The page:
I must admit I was a little slow in picking up on this new condition book ruling that they have in place at Del Mar, whereby you can win the first allowance condition, state bred or open, and still be eligible for it again just by switching surfaces, i.e. turf to dirt, dirt to turf, or even synthetic to turf or dirt. Plus they already write the condition with an optional claiming clause, $20,000 for state breds and $40,000 for “open” company. Now once you win the first condition, you can actually stay in and win the condition three times, if one is willing to risk their horse for a claiming price. Class wise, it is a big jump up to the second allowance condition. This new ruling accomplishes two things. First of all, it adds to fuller fields as one can now win this condition three times, and secondly, it helps out the little guy to stay in business a lot longer. The purse for the first allowance condition for state breds is $51,000 and a good $16,000 or $20,000 claimer is very capable of winning this condition. The winning share of the purse is $30,000 and to be able to win that level for three times will bring more people to the table. I think it’s about time to get back in the claiming game and find me a Cal bred for about $20,000.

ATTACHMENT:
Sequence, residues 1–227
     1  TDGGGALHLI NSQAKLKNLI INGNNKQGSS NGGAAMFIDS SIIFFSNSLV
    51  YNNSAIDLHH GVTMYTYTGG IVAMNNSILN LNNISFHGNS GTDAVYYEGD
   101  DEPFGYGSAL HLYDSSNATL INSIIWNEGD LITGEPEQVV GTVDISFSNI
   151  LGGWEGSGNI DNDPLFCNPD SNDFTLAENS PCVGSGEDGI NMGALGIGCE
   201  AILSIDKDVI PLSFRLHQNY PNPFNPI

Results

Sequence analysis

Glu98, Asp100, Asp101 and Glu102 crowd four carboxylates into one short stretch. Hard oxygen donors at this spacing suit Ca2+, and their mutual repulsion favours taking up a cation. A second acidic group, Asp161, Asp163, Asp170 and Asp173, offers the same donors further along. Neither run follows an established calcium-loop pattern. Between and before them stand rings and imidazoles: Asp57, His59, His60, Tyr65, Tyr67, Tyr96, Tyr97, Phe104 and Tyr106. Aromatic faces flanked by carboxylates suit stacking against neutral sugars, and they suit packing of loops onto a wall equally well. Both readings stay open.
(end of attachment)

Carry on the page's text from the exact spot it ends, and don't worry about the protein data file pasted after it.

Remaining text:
By Rod Young (Turfdom)